Python is one of the world’s most popular programming languages, and it’s for many reasons. Its versatility, compact syntax, flexibility, and ease of learning are only some factors that make this language high in popularity. But what is Python used for?
If you’re interested in what this programming language can do – specifically, can you use Python in the real world and if it’s true that this language finds its purpose in all industries – his article will try to explain just that.
Advantages of Python
Before we dive into the fields where Python is used, it’s worth outlining its advantages. Knowing what makes this language popular will help you better understand its wide usage.
In fact, thanks to its numerous advantages, Python is an all-time favorite for both new and experienced programmers. Its simplicity makes it easily accessible and not overwhelming to learn. In addition, the syntax resembles the English language, so it’s not hard to read like other languages.
Also, Python uses line breaks to define its code blocks instead of symbols, which makes for a more organized and eye-friendly environment.
The built-in classes and functions also make development faster. The vast number of libraries allows professionals to code much easier and quicker. Also, since Python is an interpreted language, programmers can execute and text their codes immediately after writing. The compilation process doesn’t exist.
Finally, Python is super versatile. It’s a cross-platform language, meaning anyone can write it on any operating system – Windows, macOS, Linux, and others. All you need is a dedicated Python interpreter. Other languages require programmers to change the code for different platforms.
What Is Python Used For?
Thanks to the abovementioned advantages, Python can be used in various applications in different industries. Here are some of the most common uses of this programming language.
Python is most commonly used in data science. Data analysts, data scientists, and other professionals working with large data sets mostly rely on R and Python to manipulate, sort, analyze, and present data. Professionals can perform complex calculations, data visualization, create machine learning algorithms, and complete data-related tasks without much effort.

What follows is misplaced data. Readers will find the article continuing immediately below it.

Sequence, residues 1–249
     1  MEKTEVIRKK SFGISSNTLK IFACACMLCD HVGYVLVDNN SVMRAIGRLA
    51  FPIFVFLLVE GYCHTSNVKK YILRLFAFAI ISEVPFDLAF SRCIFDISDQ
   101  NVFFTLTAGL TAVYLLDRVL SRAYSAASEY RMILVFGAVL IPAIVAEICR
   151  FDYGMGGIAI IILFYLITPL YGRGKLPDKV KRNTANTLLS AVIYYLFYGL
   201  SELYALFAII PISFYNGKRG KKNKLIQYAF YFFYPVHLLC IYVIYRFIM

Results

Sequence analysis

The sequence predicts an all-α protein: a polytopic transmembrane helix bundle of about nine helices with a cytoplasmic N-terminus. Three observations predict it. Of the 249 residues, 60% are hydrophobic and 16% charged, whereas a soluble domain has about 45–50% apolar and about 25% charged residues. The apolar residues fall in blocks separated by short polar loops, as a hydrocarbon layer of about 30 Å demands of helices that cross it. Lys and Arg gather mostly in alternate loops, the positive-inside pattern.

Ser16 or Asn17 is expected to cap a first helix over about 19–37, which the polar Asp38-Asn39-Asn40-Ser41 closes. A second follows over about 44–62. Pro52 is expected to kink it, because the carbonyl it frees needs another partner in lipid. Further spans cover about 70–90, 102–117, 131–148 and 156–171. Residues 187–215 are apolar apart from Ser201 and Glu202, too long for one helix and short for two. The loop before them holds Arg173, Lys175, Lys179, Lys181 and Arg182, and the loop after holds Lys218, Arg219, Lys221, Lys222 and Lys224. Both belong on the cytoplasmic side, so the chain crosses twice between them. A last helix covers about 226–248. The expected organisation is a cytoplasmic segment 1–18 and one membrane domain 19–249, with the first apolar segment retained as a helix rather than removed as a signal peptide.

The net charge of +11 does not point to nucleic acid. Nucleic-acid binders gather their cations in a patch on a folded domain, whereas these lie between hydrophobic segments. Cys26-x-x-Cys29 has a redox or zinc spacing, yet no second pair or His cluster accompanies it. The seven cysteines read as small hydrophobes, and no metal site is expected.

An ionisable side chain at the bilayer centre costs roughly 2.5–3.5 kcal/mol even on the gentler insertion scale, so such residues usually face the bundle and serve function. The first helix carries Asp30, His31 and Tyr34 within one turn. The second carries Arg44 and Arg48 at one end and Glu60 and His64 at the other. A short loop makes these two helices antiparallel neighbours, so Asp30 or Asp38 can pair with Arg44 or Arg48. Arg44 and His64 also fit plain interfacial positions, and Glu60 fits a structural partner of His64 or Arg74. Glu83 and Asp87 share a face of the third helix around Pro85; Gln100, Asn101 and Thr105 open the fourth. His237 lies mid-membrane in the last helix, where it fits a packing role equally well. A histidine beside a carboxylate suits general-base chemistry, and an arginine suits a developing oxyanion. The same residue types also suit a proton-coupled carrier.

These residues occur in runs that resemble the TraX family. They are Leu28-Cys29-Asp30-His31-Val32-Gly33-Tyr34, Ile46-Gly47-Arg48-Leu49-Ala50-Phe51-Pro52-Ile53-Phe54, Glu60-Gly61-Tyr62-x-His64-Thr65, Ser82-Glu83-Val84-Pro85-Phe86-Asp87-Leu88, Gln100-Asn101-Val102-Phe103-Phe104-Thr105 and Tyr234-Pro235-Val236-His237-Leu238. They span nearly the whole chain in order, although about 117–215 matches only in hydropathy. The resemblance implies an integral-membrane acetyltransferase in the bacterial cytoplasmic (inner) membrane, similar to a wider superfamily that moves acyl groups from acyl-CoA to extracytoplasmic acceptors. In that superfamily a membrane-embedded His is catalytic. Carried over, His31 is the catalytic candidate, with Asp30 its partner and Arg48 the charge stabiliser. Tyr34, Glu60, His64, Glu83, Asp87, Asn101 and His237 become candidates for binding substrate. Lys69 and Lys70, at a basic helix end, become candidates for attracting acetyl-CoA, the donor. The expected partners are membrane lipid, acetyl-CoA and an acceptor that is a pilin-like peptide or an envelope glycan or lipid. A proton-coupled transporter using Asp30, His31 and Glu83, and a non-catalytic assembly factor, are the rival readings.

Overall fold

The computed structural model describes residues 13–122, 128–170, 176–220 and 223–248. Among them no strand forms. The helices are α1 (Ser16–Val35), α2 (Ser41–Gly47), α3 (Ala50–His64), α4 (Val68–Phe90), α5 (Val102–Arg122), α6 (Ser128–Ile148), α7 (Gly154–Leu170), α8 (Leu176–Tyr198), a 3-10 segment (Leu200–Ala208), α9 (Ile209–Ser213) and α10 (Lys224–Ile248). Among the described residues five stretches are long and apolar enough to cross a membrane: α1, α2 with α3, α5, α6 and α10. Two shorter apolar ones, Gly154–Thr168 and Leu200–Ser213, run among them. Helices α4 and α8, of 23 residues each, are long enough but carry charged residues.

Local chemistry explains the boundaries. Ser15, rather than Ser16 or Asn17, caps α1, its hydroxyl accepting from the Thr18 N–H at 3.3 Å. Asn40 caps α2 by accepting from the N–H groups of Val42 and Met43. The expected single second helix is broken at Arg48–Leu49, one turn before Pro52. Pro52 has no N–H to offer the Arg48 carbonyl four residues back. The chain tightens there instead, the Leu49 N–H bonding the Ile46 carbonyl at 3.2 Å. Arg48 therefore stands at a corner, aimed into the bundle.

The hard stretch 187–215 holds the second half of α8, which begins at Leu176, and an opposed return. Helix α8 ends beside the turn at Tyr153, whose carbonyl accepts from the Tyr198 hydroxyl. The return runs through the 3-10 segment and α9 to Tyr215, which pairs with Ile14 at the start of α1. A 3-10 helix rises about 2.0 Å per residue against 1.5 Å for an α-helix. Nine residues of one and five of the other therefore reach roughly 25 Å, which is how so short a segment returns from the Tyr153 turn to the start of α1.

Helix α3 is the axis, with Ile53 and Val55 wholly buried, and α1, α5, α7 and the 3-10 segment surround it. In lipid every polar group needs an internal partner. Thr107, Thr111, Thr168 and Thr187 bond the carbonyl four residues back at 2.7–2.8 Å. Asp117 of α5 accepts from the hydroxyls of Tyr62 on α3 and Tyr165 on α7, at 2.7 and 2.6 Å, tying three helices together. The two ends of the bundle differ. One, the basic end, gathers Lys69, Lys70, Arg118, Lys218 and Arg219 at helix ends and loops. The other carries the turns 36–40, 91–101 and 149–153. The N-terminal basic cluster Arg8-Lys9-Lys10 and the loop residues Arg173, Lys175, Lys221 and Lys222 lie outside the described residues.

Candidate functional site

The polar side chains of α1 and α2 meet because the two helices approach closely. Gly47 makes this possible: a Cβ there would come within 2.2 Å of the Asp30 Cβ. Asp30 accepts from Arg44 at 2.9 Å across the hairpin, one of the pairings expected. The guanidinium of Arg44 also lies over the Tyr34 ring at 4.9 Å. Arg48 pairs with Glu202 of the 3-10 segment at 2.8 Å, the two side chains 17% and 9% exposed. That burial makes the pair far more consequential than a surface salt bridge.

Data scientists work in Python to help organizations grow and learn more about themselves. This language also allows managers to identify weaknesses and react to them to achieve better results.
Python offers plenty of data visualization options, including charts, bar graphs, line graphs, 3D plots, histograms, and more.
It’s never simple to harvest valuable information from data. To avoid complicated syntax and compiling, professionals rely on Python’s easy syntax and a range of third-party libraries like Keras or TensorFlow.
So, if you consider a career in data science or data analytics, you’ll certainly be encouraged to get at least basic knowledge of the programming language to answer the question “What is Python used for?” This is mostly because some of the most popular data mining and analytics tools are written in this language.
Even though machine learning is a data science subcategory, its unique algorithms make it count as a separate field. Machine learning is about teaching a system to learn on its own with the help of algorithms. These algorithms are programmed to update themselves all the time depending on the input data.